How do you find the Vertical, Horizontal, and Oblique Asymptote given #(x-3)/(x-2)#?

1 Answer
Sep 16, 2016

Answer:

vertical asymptote at x = 2
horizontal asymptote at y = 1

Explanation:

The denominator of the function cannot be zero as this would make the function undefined. Equating the denominator to zero and solving gives the value that x cannot be and if the numerator is non-zero for this value then it is a vertical asymptote.

solve: #x-2=0rArrx=2" is the asymptote"#

Horizontal asymptotes occur as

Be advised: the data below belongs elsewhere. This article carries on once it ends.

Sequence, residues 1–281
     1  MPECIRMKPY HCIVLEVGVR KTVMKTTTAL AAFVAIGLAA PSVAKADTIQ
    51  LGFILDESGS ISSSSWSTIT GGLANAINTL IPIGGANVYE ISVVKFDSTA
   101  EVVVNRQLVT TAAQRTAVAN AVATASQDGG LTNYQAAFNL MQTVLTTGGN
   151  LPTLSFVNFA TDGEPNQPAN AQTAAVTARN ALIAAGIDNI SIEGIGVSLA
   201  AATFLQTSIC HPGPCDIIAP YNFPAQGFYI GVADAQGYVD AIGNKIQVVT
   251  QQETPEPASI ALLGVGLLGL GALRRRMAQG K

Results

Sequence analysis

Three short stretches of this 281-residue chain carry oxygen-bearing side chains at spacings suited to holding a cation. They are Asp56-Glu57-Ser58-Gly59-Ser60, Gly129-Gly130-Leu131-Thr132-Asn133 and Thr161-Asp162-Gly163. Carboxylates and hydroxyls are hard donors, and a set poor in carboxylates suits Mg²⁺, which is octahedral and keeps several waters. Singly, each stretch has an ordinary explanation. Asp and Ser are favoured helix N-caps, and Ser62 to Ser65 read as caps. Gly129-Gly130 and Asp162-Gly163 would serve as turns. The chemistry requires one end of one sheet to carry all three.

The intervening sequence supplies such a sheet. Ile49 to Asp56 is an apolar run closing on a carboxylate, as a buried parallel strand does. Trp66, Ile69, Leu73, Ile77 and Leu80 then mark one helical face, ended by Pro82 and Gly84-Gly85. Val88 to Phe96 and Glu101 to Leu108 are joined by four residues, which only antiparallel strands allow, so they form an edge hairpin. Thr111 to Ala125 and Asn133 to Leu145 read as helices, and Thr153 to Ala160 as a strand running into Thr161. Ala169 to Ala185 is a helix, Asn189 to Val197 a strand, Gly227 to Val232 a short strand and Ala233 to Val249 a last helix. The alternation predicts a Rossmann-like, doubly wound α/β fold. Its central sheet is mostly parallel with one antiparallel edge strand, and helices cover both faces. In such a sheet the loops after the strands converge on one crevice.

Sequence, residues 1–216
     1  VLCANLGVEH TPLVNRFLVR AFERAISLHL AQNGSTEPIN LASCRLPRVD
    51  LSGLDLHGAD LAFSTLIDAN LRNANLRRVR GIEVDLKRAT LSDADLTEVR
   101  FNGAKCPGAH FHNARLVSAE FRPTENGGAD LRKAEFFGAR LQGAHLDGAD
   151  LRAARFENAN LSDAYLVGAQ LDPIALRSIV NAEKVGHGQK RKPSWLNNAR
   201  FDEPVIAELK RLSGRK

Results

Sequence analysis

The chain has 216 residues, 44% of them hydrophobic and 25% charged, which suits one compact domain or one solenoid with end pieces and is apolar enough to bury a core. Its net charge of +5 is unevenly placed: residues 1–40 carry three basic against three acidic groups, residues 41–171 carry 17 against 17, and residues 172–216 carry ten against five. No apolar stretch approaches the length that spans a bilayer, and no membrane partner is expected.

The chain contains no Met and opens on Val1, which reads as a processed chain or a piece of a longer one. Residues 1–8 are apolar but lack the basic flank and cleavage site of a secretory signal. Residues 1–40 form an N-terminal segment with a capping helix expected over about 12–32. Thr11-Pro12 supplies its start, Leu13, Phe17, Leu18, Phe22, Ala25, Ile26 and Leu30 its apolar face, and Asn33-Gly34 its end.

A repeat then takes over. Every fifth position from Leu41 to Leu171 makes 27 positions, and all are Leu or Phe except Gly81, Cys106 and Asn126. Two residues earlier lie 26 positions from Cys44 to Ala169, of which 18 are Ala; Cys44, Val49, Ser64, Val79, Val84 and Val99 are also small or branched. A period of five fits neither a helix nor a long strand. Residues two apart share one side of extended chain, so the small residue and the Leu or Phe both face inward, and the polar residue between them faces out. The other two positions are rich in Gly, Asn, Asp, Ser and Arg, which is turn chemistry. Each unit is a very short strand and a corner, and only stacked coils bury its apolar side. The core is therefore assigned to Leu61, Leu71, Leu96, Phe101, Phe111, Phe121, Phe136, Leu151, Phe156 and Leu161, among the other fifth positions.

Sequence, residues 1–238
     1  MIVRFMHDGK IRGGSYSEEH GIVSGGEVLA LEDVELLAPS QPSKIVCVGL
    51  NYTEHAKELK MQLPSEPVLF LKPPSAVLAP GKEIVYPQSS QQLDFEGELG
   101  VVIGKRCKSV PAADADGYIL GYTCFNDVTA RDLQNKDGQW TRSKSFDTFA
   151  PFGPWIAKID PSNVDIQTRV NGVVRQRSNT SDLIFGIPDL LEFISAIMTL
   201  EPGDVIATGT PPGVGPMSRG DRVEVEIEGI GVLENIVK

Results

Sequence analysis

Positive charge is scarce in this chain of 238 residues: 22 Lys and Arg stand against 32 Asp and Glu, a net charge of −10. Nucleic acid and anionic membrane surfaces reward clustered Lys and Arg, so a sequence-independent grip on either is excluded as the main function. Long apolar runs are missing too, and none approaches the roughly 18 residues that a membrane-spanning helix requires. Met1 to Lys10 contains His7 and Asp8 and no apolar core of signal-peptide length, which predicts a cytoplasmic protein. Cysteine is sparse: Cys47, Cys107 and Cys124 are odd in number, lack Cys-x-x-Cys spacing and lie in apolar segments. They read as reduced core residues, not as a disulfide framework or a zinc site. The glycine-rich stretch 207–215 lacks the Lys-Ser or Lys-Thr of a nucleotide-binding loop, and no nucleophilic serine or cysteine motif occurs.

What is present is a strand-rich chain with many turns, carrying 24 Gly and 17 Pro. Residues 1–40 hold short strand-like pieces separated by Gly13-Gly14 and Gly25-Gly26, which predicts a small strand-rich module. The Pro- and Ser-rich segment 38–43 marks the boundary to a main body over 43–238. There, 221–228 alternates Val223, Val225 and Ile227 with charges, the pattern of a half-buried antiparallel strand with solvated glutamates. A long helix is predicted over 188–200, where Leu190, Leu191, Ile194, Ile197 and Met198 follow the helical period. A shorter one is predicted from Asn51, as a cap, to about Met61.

#lim_(xto+-oo),f(x)toc" (a constant)"#

divide terms on numerator/denominator by x

#f(x)=(x/x-3/x)/(x/x-2/x)=(1-3/x)/(1-2/x)#

as #xto+-oo,f(x)to(1-0)/(1-0)#

#rArry=1" is the asymptote"#

Oblique asymptotes occur when the degree of the numerator > degree of the denominator. This is not the case here ( both of degree 1) Hence there are no oblique asymptotes.
graph{(x-3)/(x-2) [-10, 10, -5, 5]}